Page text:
Ruth the Moabite
by Sharon Betters
Then Naomi said to her two daughters-in-law, “Go, return each of you to her mother’s house. May the Lord deal kindly with you, as you have dealt with the dead and with me”...But Ruth said, “Do not urge me to leave you or to return from following you. For where you go I will go, and where you lodge I will lodge. Your people shall be my people and your God my God. Where you die I will die, and there will I be buried. May the Lord do so to me and more also if anything but death parts me from you.”
Ruth 1:8, 16-17 ESV
We meet Ruth as the daughter-in-law of Naomi. Elimelech, Naomi’s husband was a prominent Israelite from the tribe of Judah, but when famine hit Bethlehem he packed up his family and moved to Moab. Moabites were enemies of God’s people so we could immediately conclude that Elimelech’s actions indicate a lack of trust in God’s provisions because he planted his family in the middle of a people whose religious practices were despicable in the eyes of God. Elimelech dies. Their two sons marry two Moabite girls, Ruth and Orpah.
Just as Rahab’s title is often Rahab the Harlot, Moabite describes Ruth. Both Ruth and Orpah were born and raised in paganism. Cruel and powerful priests led the worship of numerous gods, including Chemosh and Molech. Children were placed on a downward slanted stone lap of Chemosh where they easily rolled down into a roaring fire as human sacrifices. The Moabite fertility god required sexual perversion with temple prostitutes. How did a woman raised in such an immoral culture find her way into the genealogy of Jesus?
The death of Naomi’s sons left her in a precarious place with no protector or provider. She hears that the famine in Bethlehem is over so tells Ruth and Orpah that they need to go back to their families and find husbands. She is going back to Bethlehem. Remember the Levirate Law that eventually protected Tamar? Naomi references this law when she tells her daughters-in-law that she has no more sons to give them. Both girls insist they will travel with Naomi back to her home. Shortly after they begin their journey, Naomi once more tells them they need to go back to their families. Tearfully, Orpah returns to Moab but Ruth makes her famous declaration (in Today’s Treasure) and refuses to leave Naomi.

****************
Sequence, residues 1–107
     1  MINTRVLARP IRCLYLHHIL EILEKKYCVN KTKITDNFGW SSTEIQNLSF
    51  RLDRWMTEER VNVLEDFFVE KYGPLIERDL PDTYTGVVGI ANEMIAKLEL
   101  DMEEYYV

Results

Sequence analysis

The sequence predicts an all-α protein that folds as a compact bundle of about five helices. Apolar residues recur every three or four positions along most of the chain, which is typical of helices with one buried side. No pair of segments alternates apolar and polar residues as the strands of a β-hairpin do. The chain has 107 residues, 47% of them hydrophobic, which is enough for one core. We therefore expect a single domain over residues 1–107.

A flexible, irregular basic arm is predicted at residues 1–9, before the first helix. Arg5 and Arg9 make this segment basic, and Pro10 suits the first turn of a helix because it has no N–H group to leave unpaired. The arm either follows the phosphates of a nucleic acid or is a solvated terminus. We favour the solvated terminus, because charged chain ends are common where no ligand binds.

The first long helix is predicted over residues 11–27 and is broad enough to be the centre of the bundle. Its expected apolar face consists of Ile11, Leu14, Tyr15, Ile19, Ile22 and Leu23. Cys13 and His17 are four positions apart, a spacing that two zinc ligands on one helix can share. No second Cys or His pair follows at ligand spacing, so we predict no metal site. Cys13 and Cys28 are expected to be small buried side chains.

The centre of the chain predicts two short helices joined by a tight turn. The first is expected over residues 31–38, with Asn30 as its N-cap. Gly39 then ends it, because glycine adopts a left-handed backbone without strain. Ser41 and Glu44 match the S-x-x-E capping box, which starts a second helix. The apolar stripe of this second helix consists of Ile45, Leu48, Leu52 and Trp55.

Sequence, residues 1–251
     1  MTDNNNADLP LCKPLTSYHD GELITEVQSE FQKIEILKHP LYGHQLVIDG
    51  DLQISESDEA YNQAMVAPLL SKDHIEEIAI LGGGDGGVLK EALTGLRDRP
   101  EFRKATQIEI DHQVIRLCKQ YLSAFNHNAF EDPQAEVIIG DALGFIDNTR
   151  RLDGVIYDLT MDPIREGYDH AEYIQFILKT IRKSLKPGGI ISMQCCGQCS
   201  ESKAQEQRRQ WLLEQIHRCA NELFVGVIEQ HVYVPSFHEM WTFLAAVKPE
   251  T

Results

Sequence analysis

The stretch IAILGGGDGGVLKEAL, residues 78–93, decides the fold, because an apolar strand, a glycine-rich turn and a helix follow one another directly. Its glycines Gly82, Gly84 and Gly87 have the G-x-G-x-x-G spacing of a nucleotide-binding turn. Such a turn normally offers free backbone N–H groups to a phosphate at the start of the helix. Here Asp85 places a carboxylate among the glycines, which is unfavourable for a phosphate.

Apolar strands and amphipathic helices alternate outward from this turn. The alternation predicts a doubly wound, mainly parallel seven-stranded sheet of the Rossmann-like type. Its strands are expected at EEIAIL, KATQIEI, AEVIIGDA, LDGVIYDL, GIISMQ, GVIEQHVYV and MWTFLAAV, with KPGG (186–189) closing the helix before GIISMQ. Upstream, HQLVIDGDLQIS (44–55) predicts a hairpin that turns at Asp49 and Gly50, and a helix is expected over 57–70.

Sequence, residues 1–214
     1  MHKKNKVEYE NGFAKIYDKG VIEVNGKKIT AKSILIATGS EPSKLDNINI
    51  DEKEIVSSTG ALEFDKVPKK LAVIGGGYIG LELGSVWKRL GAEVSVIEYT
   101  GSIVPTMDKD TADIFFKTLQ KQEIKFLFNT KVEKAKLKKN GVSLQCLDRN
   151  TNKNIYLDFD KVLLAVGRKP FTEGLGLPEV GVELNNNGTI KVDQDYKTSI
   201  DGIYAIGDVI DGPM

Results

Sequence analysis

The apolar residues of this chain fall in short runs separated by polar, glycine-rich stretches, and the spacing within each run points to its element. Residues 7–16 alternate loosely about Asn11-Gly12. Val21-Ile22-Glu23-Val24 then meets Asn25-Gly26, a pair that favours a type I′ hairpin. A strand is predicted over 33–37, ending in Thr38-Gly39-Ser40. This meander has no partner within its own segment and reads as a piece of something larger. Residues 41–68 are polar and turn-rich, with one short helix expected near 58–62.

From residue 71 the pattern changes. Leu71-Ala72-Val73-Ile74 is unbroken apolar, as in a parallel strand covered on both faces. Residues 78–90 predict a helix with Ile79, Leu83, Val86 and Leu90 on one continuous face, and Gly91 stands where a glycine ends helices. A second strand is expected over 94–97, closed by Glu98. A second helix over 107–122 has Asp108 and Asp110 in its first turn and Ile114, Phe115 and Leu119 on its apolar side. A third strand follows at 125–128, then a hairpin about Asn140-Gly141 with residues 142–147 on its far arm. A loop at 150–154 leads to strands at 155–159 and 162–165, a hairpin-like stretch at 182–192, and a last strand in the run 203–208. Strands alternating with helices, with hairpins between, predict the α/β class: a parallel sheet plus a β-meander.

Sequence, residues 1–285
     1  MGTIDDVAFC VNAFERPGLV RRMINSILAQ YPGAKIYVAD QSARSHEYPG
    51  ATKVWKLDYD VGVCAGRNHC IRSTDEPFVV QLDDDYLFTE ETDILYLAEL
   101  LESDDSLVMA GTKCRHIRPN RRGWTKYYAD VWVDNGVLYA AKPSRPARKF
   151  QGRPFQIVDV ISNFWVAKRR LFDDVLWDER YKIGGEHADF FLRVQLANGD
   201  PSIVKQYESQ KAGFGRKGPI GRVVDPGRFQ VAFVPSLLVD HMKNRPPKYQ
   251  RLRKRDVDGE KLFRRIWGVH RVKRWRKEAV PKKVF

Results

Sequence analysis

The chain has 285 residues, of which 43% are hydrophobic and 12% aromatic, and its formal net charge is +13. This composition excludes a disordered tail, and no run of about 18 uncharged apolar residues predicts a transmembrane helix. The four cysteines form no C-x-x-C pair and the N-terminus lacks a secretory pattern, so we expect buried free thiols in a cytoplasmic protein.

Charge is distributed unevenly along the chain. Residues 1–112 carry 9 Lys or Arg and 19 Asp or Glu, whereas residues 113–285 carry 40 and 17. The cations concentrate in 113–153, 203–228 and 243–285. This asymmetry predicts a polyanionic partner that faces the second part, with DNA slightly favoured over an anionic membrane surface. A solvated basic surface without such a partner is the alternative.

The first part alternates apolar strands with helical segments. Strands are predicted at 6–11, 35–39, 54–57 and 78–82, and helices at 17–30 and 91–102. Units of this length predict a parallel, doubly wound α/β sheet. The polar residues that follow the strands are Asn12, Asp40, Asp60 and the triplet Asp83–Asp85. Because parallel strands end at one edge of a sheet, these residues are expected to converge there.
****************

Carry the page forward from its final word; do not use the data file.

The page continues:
Naomi and Ruth’s friendship teaches us so much about the biblical practice of encouragement. Naomi was a widow but so was Ruth. Ruth could have focused on her own grief but instead, she read between the lines of Naomi’s words and refused to leave her to make the long journey alone. What happened on the road to Bethlehem between these two women? Did they enjoy long talks or were words unnecessary as they processed their shared grief?
What we do know is that Ruth embraced the God of Israel as her own. She saw something in Naomi’s family and perhaps in Naomi’s own response to grief that drew her to the heart of God. Her relationship to Him compelled her to reject the gods of her youth and to stay by Naomi’s side. Orpah, though she heard the same stories, in the end, went back to her old life. The faith of Ruth identified her as a child of the living God.
Though there is no description of Ruth in Scripture, art work depicts her as physically beautiful, perhaps because of her lovely inner spirit. Imagine this beautiful Middle Eastern woman joining us on our Journey to Christmas. At first, we might be shy in the presence of such loveliness and virtue, but Ruth would quickly put us at ease, joyfully encouraging us with her own story of redeeming love and how Boaz became her Kinsman Redeemer. It would not take long for us to recognize that Boaz points us to Jesus in Ruth’s story of how God’s grace transformed her into a risk-taking, surrendered woman. Out of her flowed “living water” that was life-giving for her mother-in-law and ultimately to us. Like Rahab, Ruth was outside the camp. She was a Gentile, not Jewish. She was a Moabite, not an Israelite. She was a pagan, not a blood child of Yahweh. Yet, she joins us on our Journey to Christmas as a daughter of the King, a midwife of the Messiah. What opened the door for her inclusion into the family of God? Ruth declared her trust in Yahweh. She rejected any other gods. What gift does her life story offer to you? Do you feel like an outsider? Perhaps the gift God offers you in this moment is the reminder that there are no outsiders in His family. Every person who surrenders to the sovereign love of God, recognizing the need for Jesus as Savior, is a child of God with full rights as a legal heir. What a powerful gift that cannot be broken!
Father, each one of us “outside the camp” until You adopt us into your family. Thank You, Lord, for the amazing promise that You give us the same inheritance You gave to Jesus. May everyday bring treasures to remind us of the privilege of being in Your family.